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MILFORD, N.H. — Republican presidential contender Scott Walker took a motorcycle tour of New Hampshire over the Labor Day weekend, but so far the Wisconsin governor’s record of reining in public employee labor unions has not become a key issue in the GOP race.

Walker’s two-day ride started Sunday in Milford and ended Monday evening with a house party in Amherst.

It was his seventh trip to New Hampshire this year and his fourth since he announced his candidacy.

As organized labor continues to lose membership and influence nationwide, its clout doesn’t appear to be a top priority for most Republicans.

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Walker has seen his poll numbers fall as those for Republican front-runner Donald Trump have risen.

“I took on the big government union bosses, and we won,’’ Walker said in his closing statement at the Aug. 6 Republican debate.

“They tried to recall me, and we won. They targeted us again, and we won.’’

Walker was referring to his 2011 fight with public sector unions, as well as his 2012 recall and 2014 general election victories, both contests that included heavy union spending against him.

His handling of those battles has become a central theme of Walker's campaign.

Walker rode a rented Harley-Davidson through all 10 New Hampshire counties.

He highlighted his experience in taking on unions, including the threats he received and the 100,000 protesters he faced at the peak of his battle.

Walker marked the start of tour with a Friday evening tweet recounting his victory over the unions.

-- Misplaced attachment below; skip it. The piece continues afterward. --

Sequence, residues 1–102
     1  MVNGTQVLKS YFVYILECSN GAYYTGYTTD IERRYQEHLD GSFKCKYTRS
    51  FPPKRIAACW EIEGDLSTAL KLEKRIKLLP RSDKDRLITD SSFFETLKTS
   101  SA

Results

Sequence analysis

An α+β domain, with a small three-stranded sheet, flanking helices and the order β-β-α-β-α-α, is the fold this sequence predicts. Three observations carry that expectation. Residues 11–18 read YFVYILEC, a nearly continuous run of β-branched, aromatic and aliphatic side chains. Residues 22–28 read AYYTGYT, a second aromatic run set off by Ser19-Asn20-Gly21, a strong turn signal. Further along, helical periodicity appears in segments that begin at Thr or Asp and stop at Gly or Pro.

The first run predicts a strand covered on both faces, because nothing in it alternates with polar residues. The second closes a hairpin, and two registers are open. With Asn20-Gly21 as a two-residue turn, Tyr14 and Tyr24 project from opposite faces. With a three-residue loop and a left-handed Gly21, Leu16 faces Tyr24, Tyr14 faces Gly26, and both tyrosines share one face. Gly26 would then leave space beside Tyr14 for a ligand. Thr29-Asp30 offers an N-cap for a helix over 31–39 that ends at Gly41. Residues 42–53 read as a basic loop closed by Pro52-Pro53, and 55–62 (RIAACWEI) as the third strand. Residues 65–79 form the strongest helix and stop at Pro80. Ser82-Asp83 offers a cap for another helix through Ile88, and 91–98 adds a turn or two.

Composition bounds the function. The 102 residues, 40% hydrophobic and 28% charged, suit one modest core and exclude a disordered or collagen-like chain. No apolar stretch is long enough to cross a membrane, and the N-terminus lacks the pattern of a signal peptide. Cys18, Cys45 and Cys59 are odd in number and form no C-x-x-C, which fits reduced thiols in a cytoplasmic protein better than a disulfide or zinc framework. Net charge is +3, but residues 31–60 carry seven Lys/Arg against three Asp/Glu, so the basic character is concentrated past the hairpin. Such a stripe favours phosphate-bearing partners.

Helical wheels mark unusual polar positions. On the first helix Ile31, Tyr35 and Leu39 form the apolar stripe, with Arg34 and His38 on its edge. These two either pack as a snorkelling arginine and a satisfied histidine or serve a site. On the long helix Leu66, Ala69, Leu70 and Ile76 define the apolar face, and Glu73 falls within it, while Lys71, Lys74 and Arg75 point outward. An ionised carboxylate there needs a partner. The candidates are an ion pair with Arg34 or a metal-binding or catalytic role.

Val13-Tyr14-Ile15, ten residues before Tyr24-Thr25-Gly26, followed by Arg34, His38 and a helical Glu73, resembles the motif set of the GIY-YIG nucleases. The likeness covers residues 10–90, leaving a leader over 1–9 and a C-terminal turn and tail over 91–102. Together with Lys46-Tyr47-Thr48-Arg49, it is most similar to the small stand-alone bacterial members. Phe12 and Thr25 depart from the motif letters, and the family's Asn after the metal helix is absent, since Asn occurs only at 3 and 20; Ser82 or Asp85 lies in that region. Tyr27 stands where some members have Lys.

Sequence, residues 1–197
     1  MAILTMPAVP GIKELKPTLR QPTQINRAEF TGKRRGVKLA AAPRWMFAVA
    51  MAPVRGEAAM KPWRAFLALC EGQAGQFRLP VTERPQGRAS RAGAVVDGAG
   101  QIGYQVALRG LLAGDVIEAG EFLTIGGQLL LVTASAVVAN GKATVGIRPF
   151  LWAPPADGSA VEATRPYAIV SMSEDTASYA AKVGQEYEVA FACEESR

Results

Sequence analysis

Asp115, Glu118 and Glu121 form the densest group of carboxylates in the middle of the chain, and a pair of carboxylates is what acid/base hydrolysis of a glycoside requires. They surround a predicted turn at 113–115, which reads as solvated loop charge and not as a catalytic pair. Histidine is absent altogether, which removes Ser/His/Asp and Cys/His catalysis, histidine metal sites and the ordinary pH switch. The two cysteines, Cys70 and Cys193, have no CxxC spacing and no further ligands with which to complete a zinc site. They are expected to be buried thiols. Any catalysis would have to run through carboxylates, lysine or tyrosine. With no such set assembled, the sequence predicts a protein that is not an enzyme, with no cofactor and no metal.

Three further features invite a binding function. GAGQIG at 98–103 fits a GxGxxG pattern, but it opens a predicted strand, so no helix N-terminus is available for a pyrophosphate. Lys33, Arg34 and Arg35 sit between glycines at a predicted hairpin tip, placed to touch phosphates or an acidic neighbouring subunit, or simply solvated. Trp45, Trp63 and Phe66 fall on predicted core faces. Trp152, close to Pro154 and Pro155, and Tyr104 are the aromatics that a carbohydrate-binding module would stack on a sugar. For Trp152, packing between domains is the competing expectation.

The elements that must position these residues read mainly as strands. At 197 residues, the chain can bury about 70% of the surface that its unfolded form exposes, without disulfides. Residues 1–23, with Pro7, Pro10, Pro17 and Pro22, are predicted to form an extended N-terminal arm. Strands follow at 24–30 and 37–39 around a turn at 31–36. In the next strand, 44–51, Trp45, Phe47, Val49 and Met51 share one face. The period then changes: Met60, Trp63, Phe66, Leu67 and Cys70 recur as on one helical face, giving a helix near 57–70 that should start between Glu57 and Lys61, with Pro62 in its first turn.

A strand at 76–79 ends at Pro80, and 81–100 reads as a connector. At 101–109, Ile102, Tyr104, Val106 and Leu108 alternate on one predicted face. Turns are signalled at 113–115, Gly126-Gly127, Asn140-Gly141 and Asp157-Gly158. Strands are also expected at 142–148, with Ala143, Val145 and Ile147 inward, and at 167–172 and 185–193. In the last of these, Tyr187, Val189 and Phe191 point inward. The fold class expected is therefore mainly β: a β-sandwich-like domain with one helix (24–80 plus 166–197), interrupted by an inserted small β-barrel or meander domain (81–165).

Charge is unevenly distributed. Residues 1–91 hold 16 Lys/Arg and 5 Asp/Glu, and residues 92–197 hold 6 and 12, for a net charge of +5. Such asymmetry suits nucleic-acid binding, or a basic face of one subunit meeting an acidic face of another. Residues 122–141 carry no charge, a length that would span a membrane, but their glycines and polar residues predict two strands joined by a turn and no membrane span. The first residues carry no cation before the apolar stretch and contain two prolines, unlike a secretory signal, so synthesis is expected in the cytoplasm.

In response, Stephanie Bloomingdale, secretary treasurer of the AFL-CIO in Wisconsin, said, “He should be ashamed of what he has done and should not be proud to sit on that Harley-Davidson that was made by hard-working men and women.’’

Founded in Milwaukee, the motorcycle company is unionized.

In New Hampshire, union membership has continued to drop, a reflection of national trends.

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In 2014, just 9.9 percent of those employed there were members of unions, Bloomberg News reported, citing figures from the Bureau of Labor Statistics.

On Tuesday, a super political action committee backing Walker is expected to start a roughly $7 million advertising campaign on his behalf in Iowa.

The most recent Bloomberg Politics/Des Moines Register Iowa Poll found Walker was backed by just 8 percent of likely caucus-goers, less than half what he recorded in the last Iowa Poll in late May.

A poll released Thursday by Monmouth University showed Walker had slipped to 3 percent nationally.